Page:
5 Screenwriting Tips

June 17th, 2021

in Articles

Writing is hard and it can be downright painful.  Getting started sometimes can be an issue, getting through the  second act can be overwhelming, and just finishing the third act can feel impossible.  Here are some random tips and thoughts for you to consider! 

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The Cruel and Shallow Money Trench

Saccharine free advice for aspiring screenwriters

May 24th, 2021

in Articles

The money trench. That was Hunter S. Thompson’s take on the TV business, but the phrase has been applied with equal accuracy to the writing side of the film industry. "Where thieves and pimps run free and good men die like dogs." Like poetry really, and less hyperbolic than you might think. Because being a screenwriter who actually gets paid for what he/she does ain’t easy. Never has been, never will be. But people keep trying, every day, arriving in Hollywood with a laptop and a dream, looking like so many well meaning douche-bags as they clutter up my Starbucks for hours on end. And even though it’s futile to speak ill of the dream factory, here are the top reasons you, aspiring writer out there, should save the bus ticket, give up now and get a real job.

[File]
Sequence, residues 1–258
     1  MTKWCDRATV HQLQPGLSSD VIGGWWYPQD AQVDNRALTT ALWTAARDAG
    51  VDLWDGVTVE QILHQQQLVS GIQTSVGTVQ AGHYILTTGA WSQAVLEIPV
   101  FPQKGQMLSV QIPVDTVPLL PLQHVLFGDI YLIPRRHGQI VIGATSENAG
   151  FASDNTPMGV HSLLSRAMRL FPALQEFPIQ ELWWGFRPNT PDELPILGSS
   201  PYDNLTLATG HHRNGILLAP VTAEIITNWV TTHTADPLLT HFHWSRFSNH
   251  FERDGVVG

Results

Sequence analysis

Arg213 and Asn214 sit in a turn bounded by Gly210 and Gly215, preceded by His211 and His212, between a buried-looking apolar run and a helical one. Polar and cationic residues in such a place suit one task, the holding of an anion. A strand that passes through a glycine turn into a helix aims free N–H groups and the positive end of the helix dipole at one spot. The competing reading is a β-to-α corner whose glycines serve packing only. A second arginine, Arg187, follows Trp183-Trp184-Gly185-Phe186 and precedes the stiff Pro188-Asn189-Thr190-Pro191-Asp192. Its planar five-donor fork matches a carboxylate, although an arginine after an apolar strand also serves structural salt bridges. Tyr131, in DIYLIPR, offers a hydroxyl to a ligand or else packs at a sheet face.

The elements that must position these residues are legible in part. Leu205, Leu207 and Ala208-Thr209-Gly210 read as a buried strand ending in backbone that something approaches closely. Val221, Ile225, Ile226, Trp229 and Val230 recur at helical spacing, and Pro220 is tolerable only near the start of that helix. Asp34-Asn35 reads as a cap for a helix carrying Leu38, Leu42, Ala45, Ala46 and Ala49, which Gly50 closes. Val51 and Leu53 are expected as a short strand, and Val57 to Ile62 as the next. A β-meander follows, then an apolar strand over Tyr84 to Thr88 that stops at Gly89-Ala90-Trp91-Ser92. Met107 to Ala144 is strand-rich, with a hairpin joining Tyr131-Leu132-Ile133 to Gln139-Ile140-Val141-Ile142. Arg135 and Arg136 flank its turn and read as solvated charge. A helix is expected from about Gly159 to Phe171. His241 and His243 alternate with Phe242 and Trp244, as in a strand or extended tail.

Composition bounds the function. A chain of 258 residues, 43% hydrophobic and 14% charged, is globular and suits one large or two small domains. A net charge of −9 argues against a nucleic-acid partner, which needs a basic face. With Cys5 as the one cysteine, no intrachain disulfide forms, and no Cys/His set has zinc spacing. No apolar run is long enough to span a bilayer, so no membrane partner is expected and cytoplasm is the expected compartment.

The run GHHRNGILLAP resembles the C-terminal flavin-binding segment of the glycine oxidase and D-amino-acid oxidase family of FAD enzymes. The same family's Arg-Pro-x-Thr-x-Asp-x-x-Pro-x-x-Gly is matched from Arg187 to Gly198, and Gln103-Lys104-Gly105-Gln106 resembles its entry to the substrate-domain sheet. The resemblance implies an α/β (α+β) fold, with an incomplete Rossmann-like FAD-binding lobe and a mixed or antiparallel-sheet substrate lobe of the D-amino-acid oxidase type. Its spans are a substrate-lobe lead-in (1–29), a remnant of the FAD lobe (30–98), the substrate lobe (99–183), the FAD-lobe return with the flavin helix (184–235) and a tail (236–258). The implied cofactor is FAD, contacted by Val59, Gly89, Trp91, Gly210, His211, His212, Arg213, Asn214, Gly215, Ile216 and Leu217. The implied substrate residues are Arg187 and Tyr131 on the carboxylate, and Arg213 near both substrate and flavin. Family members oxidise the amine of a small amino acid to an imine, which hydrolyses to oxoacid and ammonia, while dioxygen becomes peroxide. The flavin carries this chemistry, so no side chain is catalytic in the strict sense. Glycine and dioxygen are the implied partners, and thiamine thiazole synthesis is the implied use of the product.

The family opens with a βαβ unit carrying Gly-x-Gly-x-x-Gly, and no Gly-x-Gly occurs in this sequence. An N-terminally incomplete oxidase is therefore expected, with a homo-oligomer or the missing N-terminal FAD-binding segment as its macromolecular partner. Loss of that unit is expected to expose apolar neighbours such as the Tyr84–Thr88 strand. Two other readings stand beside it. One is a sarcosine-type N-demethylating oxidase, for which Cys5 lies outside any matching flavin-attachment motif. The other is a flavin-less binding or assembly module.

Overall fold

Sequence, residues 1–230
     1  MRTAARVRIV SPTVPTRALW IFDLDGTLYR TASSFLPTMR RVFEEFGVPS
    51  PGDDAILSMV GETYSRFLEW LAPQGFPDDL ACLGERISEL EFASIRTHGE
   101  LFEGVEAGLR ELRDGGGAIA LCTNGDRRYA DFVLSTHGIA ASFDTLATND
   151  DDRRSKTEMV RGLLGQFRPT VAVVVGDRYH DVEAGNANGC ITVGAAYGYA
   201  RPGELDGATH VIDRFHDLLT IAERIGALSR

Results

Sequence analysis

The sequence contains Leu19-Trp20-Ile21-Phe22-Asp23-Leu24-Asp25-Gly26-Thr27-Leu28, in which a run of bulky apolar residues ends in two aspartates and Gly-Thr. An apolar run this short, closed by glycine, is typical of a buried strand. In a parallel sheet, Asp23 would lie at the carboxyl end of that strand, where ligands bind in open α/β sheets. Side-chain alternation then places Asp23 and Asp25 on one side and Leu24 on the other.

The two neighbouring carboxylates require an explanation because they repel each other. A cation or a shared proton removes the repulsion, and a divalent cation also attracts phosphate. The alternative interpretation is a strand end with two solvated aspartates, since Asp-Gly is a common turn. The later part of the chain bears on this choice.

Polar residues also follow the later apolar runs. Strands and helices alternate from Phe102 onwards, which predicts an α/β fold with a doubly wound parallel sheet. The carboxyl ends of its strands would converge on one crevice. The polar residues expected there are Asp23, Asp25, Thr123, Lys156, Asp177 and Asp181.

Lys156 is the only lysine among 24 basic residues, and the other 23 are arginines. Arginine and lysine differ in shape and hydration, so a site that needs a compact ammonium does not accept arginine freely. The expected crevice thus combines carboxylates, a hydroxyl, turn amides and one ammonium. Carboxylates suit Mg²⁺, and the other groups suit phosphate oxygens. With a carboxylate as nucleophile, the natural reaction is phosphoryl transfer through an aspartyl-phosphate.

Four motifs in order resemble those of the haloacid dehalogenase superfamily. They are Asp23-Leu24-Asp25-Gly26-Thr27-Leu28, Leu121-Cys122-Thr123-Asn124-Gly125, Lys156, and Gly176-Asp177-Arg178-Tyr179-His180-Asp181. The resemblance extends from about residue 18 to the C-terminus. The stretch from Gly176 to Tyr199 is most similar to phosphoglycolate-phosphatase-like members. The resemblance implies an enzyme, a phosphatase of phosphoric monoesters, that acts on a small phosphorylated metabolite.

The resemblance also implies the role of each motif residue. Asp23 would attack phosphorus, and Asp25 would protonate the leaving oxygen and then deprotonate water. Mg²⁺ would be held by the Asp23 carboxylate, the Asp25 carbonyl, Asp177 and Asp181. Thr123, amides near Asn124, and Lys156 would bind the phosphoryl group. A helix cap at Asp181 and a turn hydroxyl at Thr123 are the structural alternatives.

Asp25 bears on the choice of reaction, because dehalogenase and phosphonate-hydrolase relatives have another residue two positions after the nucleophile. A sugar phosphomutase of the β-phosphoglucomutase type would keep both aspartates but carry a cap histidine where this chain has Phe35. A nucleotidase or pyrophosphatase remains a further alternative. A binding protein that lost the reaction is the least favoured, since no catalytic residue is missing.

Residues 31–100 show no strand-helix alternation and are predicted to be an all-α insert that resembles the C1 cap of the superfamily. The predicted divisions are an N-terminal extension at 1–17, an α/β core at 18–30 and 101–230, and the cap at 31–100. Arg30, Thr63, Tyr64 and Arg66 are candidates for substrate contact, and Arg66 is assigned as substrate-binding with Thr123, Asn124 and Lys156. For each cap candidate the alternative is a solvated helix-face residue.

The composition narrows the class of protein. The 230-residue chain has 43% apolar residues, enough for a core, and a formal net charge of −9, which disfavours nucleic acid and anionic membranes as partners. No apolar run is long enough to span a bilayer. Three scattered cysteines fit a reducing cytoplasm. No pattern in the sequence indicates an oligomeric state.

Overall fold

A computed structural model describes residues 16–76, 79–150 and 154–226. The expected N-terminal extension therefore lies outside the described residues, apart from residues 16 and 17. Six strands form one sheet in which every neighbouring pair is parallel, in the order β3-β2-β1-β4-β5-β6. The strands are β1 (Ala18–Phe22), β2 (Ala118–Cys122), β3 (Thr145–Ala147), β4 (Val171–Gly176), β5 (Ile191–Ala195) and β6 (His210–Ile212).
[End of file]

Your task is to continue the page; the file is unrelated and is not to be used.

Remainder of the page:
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60 Second Screenwriting Tip: The Narrative Spine

How it holds the key to a successful second act

May 7th, 2021

in News

What is a successful second act?  One that keeps the reader engaged, moves the story forward, and successfully delivers it into the falling action; that being the third act climax and the denouement.  A bad screenplay has a second act that simply doesn't keep the narrative trajectory in place and thus the spine of the story sags; meaning rising tension and conflict is not taking place.

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You Lost it in the Second Act Class - Now Open - Limited!

April 30th, 2021

in Articles

You Got Close To Page 60 But... you're stuck!   Well don't worry, this special screenwriting class/seminar can help you!

In general, there are many reasons why you "Lost it in the Second Act." This class focuses on the major issues that stunt screenplay development. Do not give up on that script that you think is hopeless! You started with good intentions, but just got stuck along the way. It happens to everyone, even professional writers. This class has been proven to help.

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Interview with REAR WINDOW Scribe John Michael Hayes

Interview Archive Series, 2004

August 1st, 2020

in Interviews

This is an interview I was really happy to get back in 2004, it was a pleasure to interview such a screenwriting legend as John Michael Hayes.  We have also added a neat short interview with him where he discusses characters and Hitchcock.